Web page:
A young girl runs into the gym at the Mountain Park Elementary School, in Roswell, Ga., sporting a pageboy haircut and a fashionable leotard. She drops to the floor and quickly yanks off her shoes and socks, then runs over to a group of girls chatting excitedly.
Their teacher is Olga Korbut, winner of three gold medals and much fanfare during the 1972 Olympics in Munich.
Korbut gets the girls' attention, and for an hour, has them running races, and leaping over a small vault. This is Korbut's third year teaching after-school gymnastics at multiple Fulton County schools four days a week. She says she sometimes shows her students - the oldest of whom is under 10 years of age - video tapes of herself competing, in the Olympic Games. The children, she says, look at her incredulously.
Just under five feet tall, and with her medium brown hair pulled back in a barrette, the middle-aged Korbut is still very active and fit. She speaks energetically, in somewhat broken English, about her current projects.
Korbut spends much of her time setting up her own nonprofit gymnastics school to teach children - some of whom are future Olympic hopefuls as well as those simply there for the fun, exercise, and discipline.
For students who will take lessons and then move on to something else, Korbut has her own agenda.
"I don't think a lot of people have a goal," she says. "When you finish gymnastics or another sport, you will be very happy because you have [had] a goal. And you have to have a goal to be somebody."
One large hurdle in setting up the school has been finding investors willing to put their money in a nonprofit business.
According to her attorney and manager, Mark Schaeffer, "Her goal and her dream is to teach. To give. Not the financial rewards," he says.
An upcoming event likely to increase Korbut's visibility, and which may positively impact her plans to set up a school, is the l996 Games now going on in Atlanta.
Korbut and her family moved to a suburb of Atlanta from Minsk, Belarus several years ago, after she and her husband of 18 years, Leonid Bortkevich, a Belarussian rock musician, decided the environment there was no longer a place to raise their son, Richard.
Chernobyl, in neighboring Ukraine is near Belarus. In April 1986, the core of a reactor in Chernobyl's nuclear power plant overheated and exploded. The accident has been the worst of its kind in history, and has heavily contaminated Ukraine and Belarus with radiation.
"People in Minsk are being bombarded with radiation since Chernobyl still is operating. They can't shut it down because they need the power," Mr. Schaeffer says.
Before they moved, Korbut and her husband decided to send their teenage son to live with friends in New Jersey. The couple later followed their son to the United States, and then purchased a home in a quiet neighborhood in Duluth, Ga.
"We've lived here just four years. We came here without [knowing the English] language. This is not easy to us, but we're doing very good," Korbut says.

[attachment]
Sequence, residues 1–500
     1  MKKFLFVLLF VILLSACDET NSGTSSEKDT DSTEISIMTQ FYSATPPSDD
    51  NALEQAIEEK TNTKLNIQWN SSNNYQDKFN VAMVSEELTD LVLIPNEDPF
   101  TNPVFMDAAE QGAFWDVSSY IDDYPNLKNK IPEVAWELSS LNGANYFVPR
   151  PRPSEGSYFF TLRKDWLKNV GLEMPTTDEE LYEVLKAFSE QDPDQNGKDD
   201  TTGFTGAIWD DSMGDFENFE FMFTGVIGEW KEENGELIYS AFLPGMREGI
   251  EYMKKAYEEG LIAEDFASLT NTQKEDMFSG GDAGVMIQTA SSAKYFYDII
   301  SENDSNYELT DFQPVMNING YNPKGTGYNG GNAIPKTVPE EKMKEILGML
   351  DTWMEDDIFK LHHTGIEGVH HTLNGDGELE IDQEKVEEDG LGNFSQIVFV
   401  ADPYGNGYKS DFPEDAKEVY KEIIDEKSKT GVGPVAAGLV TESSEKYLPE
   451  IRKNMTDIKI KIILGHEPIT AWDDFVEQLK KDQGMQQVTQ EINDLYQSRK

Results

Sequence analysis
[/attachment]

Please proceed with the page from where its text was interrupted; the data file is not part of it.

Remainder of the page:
Since last September, Korbut has been the official Olympic attache for Belarus, and helped raise money to send its athletes to the Games in Atlanta.
Belarus has long been known for its fine athletes. The Soviet gymnastics team in the 1972 Olympics, comprised six women, three of whom were from Belarus.
"This is a new country, and I am afraid they have a very big problem now. First of all, Chernobyl. This is why I moved to Atlanta with my family. And secondly, [there] is a big problem economically," Korbut says.
When Belarus became independent in 1991, "everything changed very fast. The people weren't ready for that," says Korbut. A major problem has been high prices, which she hears about from her father, Valentin, a retired engineer, and her three older sisters, who live in Belarus.
"She would like to see them come to the United States, but they have to make that decision," Schaeffer says. "It's obviously a difficult thing to just pick up and move, especially to the United States. It is a very difficult country to establish your roots, especially if you are a scientist, a doctor, a lawyer. You're giving up everything just to come to another country."
Another way Korbut is helping Belarus is as president of the Belarussian/American Child Health Foundation. The nonprofit organization works on projects that will ultimately improve the health of children in eastern and central Europe. The foundation gives special care to children in Belarus.
"One of the new projects they're trying to do is bring in ... medical supplies that we take for granted. Things that we have an overabundance of. Down in Belarus, they're just incredibly low on these supplies," says Schaeffer. During her free time, Korbut enjoys the lakes around Atlanta, and occasionally rents a boat and spends the afternoon fishing. She also enjoys cooking, going to the movies, and inviting friends over.
One of her goals is to coach a competitor in the 2000 Games in Sydney. The Olympics will come 35 years after Korbut entered Renald Knysh's elite gymnastics school in Belarus. She later went on to charm the 1972 Olympic judges becoming a star, and heightening the sport's popularity. Now as a coach, her life in gymnastics has come full circle.